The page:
Stories are the lifeblood of my emotional existence. Short, long, big, small, scary, happy, true or not true or, my favorite, ambiguous; told in song, on the fly, or second hand; read out loud, whispered around a campfire, or read in silence…stories help me understand who I am, how I got where I am, and, sometimes, offer a map to where I’m going.
My favorite storyteller is my dad. He recently moved into an assisted living facility, and everyone he’s met there says the same thing: “He’s a talker.” Not a busybody talker, but the kind who reads his audience and can tell a story that is sure to stick with them a while.
In honor of Dad, who will turn ninety years old in two weeks, here’s one of my favorite Dad moments. I’ll have to print it out and send it to him since he never wanted to learn his way around a computer. But that’s OK. He’s still hip to me.
The summer before my senior year of high school, Dad and Mom allowed me to visit friends in Jasper (MN), where we used to live, as long as I stayed with my aunt Mavis or with one of my grandmothers. Jasper was about 200 miles from where we lived, and the one and only time I took the bus, my grandma Signe picked me up at the bus stop in Pipestone, eleven miles north of Jasper. She drove thirty-five miles an hour on the highway all the way to Jasper with her feet on both the gas and the brake. After that, I convinced Dad to let me use the Mustang on future trips. For my own safety, of course.
By “Mustang,” I don’t mean a sleek, sweet muscle car. Ours was a 1974 bare bones hard top four-speed manual with AM radio, black vinyl seats, and no air conditioning. On a hot day, you could detect a faint smell of Wild Turkey, which Swedish exchange students spilled on the carpet on our way home from a hockey game.
My family only owned one car at a time (Mom never had a driver’s license), until one Saturday morning in 1980.
“Lynnie, wake up!” Dad called through my bedroom door.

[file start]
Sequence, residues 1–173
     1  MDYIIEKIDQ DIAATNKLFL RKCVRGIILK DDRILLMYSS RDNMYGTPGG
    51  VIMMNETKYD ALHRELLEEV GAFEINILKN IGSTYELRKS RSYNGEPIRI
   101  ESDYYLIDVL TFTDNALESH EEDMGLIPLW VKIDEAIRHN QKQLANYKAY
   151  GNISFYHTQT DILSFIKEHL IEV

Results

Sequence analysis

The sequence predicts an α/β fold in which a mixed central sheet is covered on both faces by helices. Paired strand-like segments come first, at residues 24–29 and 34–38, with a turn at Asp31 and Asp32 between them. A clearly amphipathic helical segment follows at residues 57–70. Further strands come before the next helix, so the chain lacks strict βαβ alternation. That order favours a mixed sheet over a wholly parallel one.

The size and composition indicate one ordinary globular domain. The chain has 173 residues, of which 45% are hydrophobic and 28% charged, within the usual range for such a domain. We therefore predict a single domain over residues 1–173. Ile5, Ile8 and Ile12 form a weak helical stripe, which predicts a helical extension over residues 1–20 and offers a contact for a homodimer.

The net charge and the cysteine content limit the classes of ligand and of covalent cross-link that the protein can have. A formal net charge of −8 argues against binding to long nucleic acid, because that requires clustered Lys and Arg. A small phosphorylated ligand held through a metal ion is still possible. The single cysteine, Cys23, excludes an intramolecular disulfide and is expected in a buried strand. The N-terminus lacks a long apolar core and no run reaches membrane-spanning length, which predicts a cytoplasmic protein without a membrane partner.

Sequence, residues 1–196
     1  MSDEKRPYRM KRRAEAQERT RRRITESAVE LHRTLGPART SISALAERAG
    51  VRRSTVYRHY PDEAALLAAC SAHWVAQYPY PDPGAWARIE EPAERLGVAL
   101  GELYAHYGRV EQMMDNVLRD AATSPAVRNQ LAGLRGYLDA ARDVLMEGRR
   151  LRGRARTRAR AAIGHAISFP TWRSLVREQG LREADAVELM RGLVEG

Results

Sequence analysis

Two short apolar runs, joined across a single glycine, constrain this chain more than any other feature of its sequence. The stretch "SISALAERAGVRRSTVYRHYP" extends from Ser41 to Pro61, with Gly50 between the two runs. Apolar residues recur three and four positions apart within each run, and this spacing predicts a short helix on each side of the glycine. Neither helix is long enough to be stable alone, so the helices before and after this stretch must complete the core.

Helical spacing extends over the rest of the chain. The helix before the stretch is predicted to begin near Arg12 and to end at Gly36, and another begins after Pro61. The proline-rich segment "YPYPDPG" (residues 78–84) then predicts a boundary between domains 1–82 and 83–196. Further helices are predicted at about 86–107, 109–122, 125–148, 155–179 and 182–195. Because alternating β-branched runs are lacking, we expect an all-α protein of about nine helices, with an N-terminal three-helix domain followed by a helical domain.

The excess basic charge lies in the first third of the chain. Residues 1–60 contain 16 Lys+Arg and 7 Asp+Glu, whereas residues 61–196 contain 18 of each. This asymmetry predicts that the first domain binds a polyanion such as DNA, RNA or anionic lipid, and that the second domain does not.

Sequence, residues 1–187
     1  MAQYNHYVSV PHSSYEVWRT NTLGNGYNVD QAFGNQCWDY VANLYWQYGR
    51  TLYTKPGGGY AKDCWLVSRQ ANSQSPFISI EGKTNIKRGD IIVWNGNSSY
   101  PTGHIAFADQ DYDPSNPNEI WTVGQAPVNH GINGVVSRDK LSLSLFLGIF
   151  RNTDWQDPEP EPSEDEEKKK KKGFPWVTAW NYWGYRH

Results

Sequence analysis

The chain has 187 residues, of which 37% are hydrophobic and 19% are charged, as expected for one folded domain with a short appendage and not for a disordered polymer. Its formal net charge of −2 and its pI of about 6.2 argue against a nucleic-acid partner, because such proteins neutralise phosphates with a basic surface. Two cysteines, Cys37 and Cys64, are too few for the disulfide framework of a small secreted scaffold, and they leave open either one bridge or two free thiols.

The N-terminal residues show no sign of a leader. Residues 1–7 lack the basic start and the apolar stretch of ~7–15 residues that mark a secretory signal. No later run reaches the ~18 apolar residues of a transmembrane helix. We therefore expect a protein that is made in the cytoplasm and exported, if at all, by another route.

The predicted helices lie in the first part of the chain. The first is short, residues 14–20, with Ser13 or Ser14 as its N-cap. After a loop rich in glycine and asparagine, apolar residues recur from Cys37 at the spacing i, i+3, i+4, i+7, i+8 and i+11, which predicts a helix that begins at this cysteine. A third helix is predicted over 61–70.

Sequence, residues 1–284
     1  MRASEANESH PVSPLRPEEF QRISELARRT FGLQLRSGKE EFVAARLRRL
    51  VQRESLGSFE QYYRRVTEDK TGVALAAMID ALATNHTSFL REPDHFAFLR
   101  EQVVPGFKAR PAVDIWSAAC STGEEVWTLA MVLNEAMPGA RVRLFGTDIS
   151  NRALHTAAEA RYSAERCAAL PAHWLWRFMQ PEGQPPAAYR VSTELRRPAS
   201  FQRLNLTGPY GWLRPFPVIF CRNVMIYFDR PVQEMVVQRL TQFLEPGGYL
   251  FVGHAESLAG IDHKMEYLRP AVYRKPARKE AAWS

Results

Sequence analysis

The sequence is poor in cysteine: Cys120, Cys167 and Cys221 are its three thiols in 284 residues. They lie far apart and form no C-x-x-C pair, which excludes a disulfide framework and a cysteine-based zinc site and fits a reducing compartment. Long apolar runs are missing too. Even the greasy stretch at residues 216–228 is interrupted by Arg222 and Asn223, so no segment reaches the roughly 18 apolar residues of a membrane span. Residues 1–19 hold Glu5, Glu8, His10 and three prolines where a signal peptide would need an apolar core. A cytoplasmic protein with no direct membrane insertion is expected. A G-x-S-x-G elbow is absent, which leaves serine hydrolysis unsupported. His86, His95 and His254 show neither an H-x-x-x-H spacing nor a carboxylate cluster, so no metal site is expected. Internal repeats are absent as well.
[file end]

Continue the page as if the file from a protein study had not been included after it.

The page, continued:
Dad never woke me up, and especially not on a morning when I didn’t have to work.
I opened one eye and looked at the clock. Eleven o’clock? Is he nuts?
“Get dressed. I want to show you something.”
This better be worth it, I thought, fumbling into clothes.
“He’s waiting in the car,” Mom called from kitchen.
“Where’re we going?” She didn’t answer.
I walked out the front door and stopped. Dad was in the driver’s seat smoking a cigarette. The window was rolled down, but he knew I hated riding in the car when he and Mom smoked.
“Get in!” he said, crushing his cigarette in the overflowing ashtray.
“Are we going for donuts?” I asked, changing the radio station. When I was little, Mom slept in on Saturday mornings and Dad was in charge. He let my little brother and I dress ourselves in whatever we wanted to wear – usually stripes on plaid – and we’d eat donuts at the bakery before going to the car wash or the hardware store.
“No donuts today.”
Fifteen minutes later, we pulled into a used car dealership.
“What do you think?” he asked.
“About that.” He pointed to a red car.
“That?” There was no way we’d all fit in a two-door. “Did you buy it?”
“No,” he said. “But I’m thinking about it. Let’s take it out for a test drive.”
“The keys are in it,” yelled a salesman across the lot. Dad waved.
He eased into the driver’s seat, tucking his head to avoid hitting the frame, and in that moment, he was no longer my father, the station wagon family man. He was a…guy.
“Hunh,” I grunted and got in the passenger seat. When I saw the stick shift, I was convinced he was having a midlife crisis.
Dad moved effortlessly through the gears while I messed around with the radio. A few minutes later, he turned into a church parking lot and turned off the engine.
“If you can drive back to the lot, I’ll buy it.”
Dad looked at me, eyebrows raised, waiting for me to catch on.
“Oh,” I said flatly. “So you’re not getting rid of the station wagon.”
“I…um…You know I don’t know how to drive a stick.”
He opened the door and got out of the driver’s seat. “Well, now’s the time!”
After a ten-minute lesson, I lurched, stopped, killed the engine, and lurched, stopped, and stripped the gears back to the dealership, but damn it, I got us there, and true to his word, Dad bought the car for $1,300.
Watching Dad drive the Mustang home, cigarette smoke flying out the window, he became a little more hip, a little more Rockford, a little more than just Dad.